ONE NIGHT IN MIAMI – Review by Susan Wloszczyna

Regina King seems to have the Midas touch whenever awards season comes around. She has amassed quite a load of gold in the form of an Oscar, four Emmys, a Golden Globe and a SAG ensemble honor in her career. But this year, she might just win gold with her debut behind the camera, One Night in Miami. King has been in training to be a director for a while by helming TV episodes of This Is Us, Insecure and Scandal.

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MA RAINEY’S BLACK BOTTOM – Review by Susan Wloszczyna

Viola Davis more than deserves her first lead actress Oscar nomination for her knock-out performance. But it is Chadwick Bosman’s nervy and brave performance that will linger on your mind. It’s nearly assured his legacy will be honored with a posthumous lead actor spot on ballot. Bless the makers of this showbiz tale for such a spectacular showcase of this actor’s artistry and talent.

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MODERN PERSUASION – Review by Susan Wloszczyna

If you like your Jane Austen movies updated to current times, you might find some enjoyment in Modern Persuasion, which manages to blend the author’s Regency-era vision with such Millennial fixations as social media, romantic hook-ups and party-hardy attitudes with a 21st-Century version of working gal tropes

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WILD MOUNTAIN THYME – Review by Susan Wloszczyna

When the trailer for Wild Mountain Thyme first landed, Irish folk grabbed their verbal shalaylees and cried foul over what they condemned as dodgy Emerald Isle accents and corny “Erin Go Bragh” clichés. Having now seen the film myself, those impressions aren’t totally wrong.

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FAREWELL AMOR – Review by Susan Wloszczyna

Farewell Amor is an intimate soap opera blessed with an engaging small cast and an intriguing premise: What happens when Esther (Zainab Jah), an Angolan woman, and Sylvia (Jayme Lawson), her teen-age daughter, finally reunite with their husband and father after spending 17 years apart? Writer-director Ekwa Msangi could have chosen to look back at the woes that these immigrants have suffered in the past. But, instead, the trio is more concerned about whether they will be able to get over the awkwardness of their situation and be able to share a future together as a family.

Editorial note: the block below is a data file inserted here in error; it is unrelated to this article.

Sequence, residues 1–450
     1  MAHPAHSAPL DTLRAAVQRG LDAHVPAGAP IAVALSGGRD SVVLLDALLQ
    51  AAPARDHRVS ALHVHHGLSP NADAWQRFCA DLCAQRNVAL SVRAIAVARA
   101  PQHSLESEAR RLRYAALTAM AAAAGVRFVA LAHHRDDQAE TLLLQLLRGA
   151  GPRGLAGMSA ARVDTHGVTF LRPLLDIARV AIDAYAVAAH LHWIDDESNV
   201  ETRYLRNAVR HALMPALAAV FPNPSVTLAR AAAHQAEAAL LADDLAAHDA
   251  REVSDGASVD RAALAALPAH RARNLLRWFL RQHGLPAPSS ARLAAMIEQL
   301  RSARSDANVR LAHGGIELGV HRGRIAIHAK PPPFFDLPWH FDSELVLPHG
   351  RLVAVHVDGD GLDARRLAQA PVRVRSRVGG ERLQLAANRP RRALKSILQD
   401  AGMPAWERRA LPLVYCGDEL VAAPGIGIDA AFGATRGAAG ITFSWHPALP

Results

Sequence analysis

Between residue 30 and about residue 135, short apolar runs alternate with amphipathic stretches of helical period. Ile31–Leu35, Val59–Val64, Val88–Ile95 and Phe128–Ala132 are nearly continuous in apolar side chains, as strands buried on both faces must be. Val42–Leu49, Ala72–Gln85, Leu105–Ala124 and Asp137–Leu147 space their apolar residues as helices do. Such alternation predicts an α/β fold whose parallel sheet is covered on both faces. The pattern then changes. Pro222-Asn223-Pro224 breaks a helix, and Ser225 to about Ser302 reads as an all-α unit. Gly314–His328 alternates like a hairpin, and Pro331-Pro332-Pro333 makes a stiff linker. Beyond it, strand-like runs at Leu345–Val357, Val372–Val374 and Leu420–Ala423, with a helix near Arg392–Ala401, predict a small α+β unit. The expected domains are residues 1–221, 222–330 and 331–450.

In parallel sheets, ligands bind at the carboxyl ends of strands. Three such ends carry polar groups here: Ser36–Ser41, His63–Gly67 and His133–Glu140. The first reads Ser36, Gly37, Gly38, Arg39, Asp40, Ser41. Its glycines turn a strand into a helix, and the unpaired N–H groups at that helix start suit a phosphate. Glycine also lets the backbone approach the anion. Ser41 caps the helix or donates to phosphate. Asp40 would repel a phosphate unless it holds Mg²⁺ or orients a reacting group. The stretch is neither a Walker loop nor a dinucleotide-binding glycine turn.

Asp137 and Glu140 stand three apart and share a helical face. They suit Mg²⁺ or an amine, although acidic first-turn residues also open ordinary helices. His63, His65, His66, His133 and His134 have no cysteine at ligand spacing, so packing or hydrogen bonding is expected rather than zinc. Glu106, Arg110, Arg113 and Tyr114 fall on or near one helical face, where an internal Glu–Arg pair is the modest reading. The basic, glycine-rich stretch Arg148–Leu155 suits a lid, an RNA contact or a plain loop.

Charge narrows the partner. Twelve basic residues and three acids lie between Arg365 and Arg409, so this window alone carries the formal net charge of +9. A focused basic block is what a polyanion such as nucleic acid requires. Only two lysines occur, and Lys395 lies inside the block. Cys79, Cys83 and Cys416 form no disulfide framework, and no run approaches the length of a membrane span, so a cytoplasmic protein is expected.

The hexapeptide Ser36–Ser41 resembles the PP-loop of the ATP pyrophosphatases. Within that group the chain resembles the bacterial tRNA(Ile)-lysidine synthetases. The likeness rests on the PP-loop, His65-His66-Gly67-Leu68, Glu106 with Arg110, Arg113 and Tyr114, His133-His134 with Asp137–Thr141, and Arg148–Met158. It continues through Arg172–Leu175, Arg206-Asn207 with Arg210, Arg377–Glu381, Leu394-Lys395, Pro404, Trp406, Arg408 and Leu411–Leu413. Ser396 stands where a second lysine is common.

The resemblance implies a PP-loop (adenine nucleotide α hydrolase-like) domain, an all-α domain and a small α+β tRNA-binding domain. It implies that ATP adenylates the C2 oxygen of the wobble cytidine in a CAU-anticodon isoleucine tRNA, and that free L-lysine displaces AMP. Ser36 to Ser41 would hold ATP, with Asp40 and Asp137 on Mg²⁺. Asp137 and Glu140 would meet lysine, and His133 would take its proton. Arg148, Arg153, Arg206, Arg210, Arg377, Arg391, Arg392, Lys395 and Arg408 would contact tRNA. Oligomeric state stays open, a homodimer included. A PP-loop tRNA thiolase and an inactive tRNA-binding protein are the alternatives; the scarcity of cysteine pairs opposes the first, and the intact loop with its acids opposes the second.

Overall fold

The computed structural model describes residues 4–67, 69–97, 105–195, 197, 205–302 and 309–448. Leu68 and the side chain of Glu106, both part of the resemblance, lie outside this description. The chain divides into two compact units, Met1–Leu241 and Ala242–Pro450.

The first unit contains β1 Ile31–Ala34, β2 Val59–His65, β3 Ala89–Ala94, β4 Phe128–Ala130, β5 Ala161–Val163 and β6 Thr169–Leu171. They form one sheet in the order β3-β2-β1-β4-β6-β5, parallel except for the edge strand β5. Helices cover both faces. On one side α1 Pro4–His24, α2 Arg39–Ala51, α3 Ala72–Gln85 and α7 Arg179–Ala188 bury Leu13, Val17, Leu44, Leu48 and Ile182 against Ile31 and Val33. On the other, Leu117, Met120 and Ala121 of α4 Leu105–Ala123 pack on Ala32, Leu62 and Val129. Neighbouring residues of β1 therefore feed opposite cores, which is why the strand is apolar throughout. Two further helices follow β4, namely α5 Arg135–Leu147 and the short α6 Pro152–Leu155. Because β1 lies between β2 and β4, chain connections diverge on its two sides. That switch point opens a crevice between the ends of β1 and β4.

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SPOTLIGHT December 2020: Eda Reiss Merin, Actress, Activist and inspiration for AWFJ’s EDA Awards

The Alliance of Women Film Journalists’ EDA Awards, presented annually during awards season and at various festivals during the year, are currently in their 14th year, and are well known to the film industry for categories honoring female filmmakers, along with the more general award categories that are presented by the Academy and other movie awards organizations. The EDA Awards are well known, but many industry people — including some who’ve received them — don’t know much about their name. Why EDA? Since December sees AWFJ in full awards season activism, this is a good time to share the EDA story. Hence our December SPOTLIGHT is focused on actress and activist Eda Reiss Merin.

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LUXOR – Review by Susan Wloszczyna

London-born Arab writer-director Zeina Durra’s Luxor is sort of a meditative throwback to the ‘60s era of art-house cinema when movies were allowed to not always fill in the plot blanks for audiences. That opened the door for viewers to insert their assumptions as to what is going on with the main character. In this case that would be Hana (never-not-watchable Andrea Riseborough).

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HILLBILLY ELEGY – Review by Susan Wloszczyna

When J.D. Vance’s 2016 memoir, Hillbilly Elegy: A Memoir of a Family and Culture in Crisis, landed on best-seller lists just months before Donald J. Trump would become our 45th president, it was treated like portal into the mind set of those in the disenfranchised white underclass who supported him.

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ANTIGONE – Review by Susan Wloszczyna

From Canada comes a fresh take on the woes that face desperate immigrants who flee violence and upheaval in their homelands. What gives this particular interpretation added depth? It’s based on a 2,500-year-old Greek tragedy — namely Sophocles’ Antigone. Set in Quebec, we meet an Algerian family that consists of two sisters, Antigone and Ismene, and, two brothers, wise-guy Polynice and ace soccer player Eteocle, who have fled their country with their grandmother after their parents are found slain.

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CODED BIAS – Review by Susan Wloszczyna

In Coded Bias, the charismatic Joy Buolamwini, a student at MIT, calls out the lack of legislation and oversight over the use of such invasive facial recognition and other algorithmic tools and how governments use such tech to unfairly judge people. For instance, Amazon employed an algorithm to select a first cut of job applicants, only to find it picked only white males. That reflects the culture of Silicon Valley, which is controlled by primarily white males.

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